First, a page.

July 26th, 1948
President Harry Truman Orders Integration of U.S. Armed Forces
By the end of World War II, black troops had fought in every major United States military campaign since the American Revolution while suffering continuously from racial discrimination within the armed forces, including disparities in training, equipment, and opportunity. Following the Allied victory, black civil rights leaders persistently pressured President Harry S. Truman to alleviate this problem.
A. Philip Randolph, head of the Brotherhood of Sleeping Car Porters, was a leading advocate for black troops seeking equality. Black leaders warned President Truman, a Democrat, that he would lose black voters’ support in the upcoming 1948 election if he ignored racial discrimination. Clark Clifford, the president’s special counsel, echoed the warning in a confidential memo. In February 1948, President Truman asked Congress to pass comprehensive civil rights legislation but legislators failed to act. Black leaders then urged President Truman to enact an executive order. He remained hesitant to act unilaterally to change segregation policies in the military until, in 1948, the Republican party declared its opposition to military segregation.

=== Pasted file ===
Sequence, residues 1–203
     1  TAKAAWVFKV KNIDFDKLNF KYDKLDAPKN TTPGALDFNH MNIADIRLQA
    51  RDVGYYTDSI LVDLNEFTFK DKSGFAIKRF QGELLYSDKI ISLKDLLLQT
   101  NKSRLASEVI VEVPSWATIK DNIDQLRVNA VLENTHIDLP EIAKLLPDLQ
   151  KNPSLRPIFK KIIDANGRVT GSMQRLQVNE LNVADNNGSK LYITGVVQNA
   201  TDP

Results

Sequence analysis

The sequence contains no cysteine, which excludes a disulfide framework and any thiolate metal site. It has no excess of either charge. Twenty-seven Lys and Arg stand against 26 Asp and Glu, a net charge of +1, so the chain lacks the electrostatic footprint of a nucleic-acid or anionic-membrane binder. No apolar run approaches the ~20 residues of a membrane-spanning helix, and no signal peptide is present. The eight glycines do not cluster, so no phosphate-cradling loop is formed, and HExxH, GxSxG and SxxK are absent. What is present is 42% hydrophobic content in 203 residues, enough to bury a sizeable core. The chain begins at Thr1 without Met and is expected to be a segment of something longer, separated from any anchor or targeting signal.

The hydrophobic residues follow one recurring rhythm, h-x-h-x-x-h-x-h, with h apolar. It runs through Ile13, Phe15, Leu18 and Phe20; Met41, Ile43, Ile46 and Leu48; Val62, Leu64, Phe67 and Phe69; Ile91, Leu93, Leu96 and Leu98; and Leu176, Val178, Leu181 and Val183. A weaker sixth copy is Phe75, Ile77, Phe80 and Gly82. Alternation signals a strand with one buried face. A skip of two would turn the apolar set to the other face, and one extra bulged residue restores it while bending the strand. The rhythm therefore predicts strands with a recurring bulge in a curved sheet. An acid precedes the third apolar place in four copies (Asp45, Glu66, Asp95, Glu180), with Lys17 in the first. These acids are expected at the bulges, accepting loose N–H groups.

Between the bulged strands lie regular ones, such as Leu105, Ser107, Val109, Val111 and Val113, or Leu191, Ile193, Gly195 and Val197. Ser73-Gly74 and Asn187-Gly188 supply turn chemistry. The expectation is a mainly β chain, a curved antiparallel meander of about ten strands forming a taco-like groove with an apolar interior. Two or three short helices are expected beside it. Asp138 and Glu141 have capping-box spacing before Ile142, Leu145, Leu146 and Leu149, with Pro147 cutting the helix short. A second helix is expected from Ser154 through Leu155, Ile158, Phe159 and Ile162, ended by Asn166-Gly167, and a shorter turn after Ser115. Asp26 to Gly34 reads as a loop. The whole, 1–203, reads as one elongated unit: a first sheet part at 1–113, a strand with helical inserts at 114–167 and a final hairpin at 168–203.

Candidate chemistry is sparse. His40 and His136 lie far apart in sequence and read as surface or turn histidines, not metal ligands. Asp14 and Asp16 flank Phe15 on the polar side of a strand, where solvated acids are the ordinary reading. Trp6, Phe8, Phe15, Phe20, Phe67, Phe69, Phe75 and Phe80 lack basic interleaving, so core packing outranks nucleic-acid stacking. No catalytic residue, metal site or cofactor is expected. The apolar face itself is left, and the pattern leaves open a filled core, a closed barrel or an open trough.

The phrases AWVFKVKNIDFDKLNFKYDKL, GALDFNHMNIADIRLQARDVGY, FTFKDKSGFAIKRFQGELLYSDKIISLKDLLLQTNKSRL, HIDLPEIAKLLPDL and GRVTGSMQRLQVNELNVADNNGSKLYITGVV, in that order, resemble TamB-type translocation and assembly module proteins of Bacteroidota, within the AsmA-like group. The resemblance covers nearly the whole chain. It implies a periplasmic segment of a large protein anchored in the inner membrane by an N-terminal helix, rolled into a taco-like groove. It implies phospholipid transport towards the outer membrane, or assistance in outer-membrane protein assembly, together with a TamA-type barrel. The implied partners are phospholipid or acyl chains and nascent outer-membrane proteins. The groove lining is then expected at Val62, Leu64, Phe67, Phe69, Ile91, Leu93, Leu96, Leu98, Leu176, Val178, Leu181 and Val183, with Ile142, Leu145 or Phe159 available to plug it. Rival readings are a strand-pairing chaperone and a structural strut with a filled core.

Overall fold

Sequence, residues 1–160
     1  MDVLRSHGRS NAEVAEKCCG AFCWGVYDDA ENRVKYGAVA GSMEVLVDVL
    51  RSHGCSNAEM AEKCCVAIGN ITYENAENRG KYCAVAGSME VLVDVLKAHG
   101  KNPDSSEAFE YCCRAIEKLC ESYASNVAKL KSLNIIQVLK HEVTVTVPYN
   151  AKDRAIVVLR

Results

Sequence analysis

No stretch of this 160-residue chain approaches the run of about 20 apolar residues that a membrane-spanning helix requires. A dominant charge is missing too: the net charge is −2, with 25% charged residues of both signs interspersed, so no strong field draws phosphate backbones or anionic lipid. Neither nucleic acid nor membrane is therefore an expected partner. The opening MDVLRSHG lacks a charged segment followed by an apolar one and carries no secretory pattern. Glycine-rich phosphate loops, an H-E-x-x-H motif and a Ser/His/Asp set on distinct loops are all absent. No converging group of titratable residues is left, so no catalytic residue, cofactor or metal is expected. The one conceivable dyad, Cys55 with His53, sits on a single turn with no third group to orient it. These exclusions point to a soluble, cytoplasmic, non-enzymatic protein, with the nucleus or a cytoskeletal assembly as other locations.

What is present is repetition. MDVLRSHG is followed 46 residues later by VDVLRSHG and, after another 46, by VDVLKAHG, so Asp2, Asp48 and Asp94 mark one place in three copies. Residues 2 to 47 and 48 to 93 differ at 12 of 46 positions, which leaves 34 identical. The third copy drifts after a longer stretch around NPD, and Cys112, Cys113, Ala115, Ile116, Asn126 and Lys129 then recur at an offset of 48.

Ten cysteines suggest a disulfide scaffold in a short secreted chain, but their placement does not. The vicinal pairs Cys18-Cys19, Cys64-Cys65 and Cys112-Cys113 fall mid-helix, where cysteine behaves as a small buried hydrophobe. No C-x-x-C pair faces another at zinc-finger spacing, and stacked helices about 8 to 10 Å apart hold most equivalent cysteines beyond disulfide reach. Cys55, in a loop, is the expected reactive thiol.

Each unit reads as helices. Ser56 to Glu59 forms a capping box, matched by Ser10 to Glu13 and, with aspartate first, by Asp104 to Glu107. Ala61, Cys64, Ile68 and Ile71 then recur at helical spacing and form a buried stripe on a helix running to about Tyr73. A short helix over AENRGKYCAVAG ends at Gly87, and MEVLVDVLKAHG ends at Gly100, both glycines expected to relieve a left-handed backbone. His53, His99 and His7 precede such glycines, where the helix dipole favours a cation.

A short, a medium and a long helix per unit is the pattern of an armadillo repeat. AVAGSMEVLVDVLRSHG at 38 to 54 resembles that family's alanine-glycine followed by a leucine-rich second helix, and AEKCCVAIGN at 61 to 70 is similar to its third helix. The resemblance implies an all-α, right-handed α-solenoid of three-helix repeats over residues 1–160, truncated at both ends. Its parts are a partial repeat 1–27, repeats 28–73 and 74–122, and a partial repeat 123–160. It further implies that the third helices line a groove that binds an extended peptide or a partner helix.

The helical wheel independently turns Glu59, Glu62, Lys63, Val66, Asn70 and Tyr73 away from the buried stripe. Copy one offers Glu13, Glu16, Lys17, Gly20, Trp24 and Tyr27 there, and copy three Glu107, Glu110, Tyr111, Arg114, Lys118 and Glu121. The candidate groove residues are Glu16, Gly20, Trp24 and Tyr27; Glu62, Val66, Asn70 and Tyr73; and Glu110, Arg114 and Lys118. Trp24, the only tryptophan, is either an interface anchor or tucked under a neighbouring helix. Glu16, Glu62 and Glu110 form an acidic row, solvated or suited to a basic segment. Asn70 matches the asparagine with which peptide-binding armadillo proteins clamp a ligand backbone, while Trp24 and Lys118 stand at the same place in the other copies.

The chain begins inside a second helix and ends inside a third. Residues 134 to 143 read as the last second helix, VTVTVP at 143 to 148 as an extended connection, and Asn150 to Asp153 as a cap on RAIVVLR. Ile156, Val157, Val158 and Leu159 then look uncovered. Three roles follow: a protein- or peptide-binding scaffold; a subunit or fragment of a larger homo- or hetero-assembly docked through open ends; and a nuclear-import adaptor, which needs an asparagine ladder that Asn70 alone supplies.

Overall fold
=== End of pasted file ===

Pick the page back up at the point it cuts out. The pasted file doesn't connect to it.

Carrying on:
On July 26, 1948, in Executive Order 9981, President Truman ordered the integration of the United States armed forces. Black voters responded by turning out in droves to re-elect President Truman over Republican challenger Thomas E. Dewey, and handed the president key victories in three states with close races: California, Illinois, and Ohio. The last all-black military unit was disbanded in 1954 but the desegregation order marked just the beginning of a campaign for equal rights, opportunities, and promotions for minority troops in the military.